In this first transect of the Semois river, the mineral richness of the waters combined with morphological pressures and alterations have radically changed the composition of the plant communities there. Glycerio- Sparganion species (especially Glyceria plicata in eutrophic waters rich in calcium) were present in the river headwater area before the environmental disturbances, but this is no longer the case. These species are still present, however, in the Lorraine area in smaller Semois watercourses with a loose alluvial substrate [37] .

Among the species that have regressed or are missing in the upper Semois is Potamogeton pectinatus. The decline of this species, considered to be an indicator species of unusually rich waters (polytrophic waters, indicating eutrophication of the river; e.g., [38] - [41] ) can be taken as a sign of slight improvement in the water quality here.

In mid- and lower Semois river, most species mentioned in 1996 are still there. In these stretches the tributaries vary in importance, flow level and water quality. Most tributaries reach the Semois from the northern side of the catchment area, on the right bank, and their water quality is good.

In this part, and despite crossing much poorer primary geological substrates, the river retains its original limestone-rich water. Its vegetation, dominated by Ranunculus fluitans, only partially reflects annual changes in habitat.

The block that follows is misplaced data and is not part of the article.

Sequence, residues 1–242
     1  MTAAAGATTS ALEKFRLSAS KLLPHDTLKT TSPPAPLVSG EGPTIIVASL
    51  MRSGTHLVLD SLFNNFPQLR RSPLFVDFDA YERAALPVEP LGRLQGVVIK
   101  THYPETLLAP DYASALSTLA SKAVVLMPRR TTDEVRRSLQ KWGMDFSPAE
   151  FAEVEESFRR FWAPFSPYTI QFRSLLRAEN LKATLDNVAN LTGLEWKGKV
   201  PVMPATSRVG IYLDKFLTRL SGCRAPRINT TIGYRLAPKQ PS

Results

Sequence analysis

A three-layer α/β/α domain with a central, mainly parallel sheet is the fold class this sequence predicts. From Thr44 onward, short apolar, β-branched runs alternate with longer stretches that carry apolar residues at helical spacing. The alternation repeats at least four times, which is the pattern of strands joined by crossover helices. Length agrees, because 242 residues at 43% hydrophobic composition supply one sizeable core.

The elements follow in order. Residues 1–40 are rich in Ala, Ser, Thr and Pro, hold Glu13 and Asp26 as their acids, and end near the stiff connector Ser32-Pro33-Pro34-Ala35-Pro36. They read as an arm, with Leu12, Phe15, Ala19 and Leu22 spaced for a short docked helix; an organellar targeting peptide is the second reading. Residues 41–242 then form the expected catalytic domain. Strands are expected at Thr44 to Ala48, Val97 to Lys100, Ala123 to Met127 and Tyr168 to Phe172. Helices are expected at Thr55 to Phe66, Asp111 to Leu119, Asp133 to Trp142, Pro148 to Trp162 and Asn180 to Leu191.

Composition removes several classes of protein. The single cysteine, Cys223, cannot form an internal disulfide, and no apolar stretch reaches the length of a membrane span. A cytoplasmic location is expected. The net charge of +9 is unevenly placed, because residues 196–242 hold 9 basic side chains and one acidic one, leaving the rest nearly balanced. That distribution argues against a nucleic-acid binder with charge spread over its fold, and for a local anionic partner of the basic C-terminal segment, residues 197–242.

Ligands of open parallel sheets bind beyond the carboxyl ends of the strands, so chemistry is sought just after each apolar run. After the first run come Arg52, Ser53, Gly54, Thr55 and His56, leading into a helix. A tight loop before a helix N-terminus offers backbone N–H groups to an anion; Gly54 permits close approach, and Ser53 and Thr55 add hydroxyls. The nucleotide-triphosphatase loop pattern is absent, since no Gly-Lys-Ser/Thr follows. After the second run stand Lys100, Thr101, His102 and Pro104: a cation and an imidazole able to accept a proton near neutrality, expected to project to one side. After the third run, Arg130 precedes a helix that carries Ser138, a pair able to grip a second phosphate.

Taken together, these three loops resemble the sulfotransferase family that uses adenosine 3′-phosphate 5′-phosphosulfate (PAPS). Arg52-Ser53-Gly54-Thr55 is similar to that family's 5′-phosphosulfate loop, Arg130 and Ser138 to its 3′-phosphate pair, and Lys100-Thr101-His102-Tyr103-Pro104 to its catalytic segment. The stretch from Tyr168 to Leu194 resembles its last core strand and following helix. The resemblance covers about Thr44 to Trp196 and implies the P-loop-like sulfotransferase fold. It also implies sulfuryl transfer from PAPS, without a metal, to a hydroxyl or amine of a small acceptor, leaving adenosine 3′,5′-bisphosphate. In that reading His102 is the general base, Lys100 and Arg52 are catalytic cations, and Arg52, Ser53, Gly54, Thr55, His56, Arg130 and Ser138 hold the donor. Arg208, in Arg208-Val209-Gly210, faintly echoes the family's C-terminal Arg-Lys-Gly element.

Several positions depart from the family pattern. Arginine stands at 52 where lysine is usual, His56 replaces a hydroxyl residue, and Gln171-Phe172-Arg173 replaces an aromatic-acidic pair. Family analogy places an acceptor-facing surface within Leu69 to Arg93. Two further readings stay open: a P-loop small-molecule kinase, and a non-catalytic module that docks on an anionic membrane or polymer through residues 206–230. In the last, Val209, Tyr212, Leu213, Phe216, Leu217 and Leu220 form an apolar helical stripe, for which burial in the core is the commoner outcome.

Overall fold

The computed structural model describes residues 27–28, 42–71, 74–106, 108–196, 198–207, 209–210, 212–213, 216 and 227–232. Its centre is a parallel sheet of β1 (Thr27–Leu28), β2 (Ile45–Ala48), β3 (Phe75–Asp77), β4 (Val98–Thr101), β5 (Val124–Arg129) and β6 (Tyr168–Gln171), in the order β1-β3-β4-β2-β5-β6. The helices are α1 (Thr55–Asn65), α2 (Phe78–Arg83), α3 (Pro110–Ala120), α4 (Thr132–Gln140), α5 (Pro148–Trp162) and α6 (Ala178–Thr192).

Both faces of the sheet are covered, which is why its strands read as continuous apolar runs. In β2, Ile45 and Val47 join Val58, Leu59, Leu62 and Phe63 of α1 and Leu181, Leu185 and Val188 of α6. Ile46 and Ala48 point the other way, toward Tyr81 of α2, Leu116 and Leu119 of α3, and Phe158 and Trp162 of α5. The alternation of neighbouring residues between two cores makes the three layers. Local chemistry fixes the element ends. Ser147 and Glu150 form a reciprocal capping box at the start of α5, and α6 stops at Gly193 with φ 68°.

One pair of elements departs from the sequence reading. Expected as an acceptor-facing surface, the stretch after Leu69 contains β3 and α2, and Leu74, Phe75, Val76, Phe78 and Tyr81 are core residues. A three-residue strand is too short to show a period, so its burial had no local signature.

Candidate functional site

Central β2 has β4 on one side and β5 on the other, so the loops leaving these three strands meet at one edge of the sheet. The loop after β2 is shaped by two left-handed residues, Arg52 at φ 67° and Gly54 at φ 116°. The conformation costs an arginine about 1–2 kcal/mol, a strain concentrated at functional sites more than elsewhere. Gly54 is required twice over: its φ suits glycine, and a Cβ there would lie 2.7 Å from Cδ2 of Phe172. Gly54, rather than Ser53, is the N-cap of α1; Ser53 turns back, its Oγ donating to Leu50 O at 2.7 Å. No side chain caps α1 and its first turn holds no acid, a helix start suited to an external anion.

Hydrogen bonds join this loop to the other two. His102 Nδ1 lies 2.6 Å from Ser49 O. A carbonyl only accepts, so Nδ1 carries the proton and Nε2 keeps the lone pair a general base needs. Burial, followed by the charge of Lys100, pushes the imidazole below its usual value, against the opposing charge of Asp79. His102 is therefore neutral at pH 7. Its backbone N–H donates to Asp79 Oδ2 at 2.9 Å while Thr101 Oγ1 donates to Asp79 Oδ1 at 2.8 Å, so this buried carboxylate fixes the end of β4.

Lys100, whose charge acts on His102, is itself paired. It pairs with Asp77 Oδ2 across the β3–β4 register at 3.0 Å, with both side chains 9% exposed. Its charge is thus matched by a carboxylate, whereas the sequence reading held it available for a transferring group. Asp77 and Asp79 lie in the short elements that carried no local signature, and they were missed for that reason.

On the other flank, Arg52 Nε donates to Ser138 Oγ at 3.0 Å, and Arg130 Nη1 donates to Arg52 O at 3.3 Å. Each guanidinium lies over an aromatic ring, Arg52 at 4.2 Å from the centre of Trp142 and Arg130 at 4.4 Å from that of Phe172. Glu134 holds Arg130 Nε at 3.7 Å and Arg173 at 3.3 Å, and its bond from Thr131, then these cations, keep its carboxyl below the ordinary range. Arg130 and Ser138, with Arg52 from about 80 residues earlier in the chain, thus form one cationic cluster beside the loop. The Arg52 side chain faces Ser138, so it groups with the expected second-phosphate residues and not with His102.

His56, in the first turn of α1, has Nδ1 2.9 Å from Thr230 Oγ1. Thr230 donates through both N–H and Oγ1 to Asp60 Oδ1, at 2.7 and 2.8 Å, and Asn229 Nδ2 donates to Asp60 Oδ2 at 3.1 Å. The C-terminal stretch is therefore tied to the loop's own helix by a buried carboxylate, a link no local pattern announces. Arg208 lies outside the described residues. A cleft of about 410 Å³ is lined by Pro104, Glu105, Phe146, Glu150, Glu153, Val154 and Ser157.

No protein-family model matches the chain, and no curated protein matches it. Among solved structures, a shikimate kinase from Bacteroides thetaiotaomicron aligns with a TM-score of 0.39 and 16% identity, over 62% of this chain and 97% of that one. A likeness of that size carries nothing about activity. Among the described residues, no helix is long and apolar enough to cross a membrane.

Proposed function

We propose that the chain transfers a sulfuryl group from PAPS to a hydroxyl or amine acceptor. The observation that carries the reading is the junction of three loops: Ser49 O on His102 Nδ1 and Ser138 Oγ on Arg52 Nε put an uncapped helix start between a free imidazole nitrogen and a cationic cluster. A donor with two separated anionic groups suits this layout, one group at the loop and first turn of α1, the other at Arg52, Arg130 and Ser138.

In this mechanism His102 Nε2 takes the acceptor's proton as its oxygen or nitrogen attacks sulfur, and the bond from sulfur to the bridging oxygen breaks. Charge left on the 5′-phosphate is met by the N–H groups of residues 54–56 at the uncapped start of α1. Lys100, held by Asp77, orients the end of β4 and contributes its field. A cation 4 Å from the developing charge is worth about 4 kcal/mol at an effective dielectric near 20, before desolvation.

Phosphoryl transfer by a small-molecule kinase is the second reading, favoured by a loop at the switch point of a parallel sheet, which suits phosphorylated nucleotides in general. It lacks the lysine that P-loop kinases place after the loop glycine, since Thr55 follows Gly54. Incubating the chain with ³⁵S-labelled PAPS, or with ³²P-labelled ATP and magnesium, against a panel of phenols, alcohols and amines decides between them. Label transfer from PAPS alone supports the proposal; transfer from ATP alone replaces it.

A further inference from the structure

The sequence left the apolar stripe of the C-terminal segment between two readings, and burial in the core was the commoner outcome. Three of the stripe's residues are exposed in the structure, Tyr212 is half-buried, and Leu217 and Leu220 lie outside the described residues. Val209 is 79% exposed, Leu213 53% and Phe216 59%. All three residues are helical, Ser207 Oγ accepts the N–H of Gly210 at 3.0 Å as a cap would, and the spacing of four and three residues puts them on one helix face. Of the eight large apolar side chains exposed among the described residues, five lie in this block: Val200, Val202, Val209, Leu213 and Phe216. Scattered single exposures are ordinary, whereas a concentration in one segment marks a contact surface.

Our comparative analysis of the tributaries of the Semois was conducted with reference to the work done by Dethioux [37] . He described the ground waters from Early Devonian slaty sandstone, slaty quartz or phillite slate formations, with N levels of 1 - 2 mg/l and a P content equal to or lower than 0.01 mg/l, similar to the Ardennes mesotrophic waters. The macrophytic community he reported as characteristic of these environments was dominated by bryophytes fixed to boulders (Chiloscyphus polyanthos, Pellia epiphylla and Amblystegium fluviatile), as well as rheophilic species such as Fontinalis antipyretica, Fontinalis squamosa and Rhynchostegium riparioides and higher plants such as Ranunculus penicillatus and Callitriche hamulata.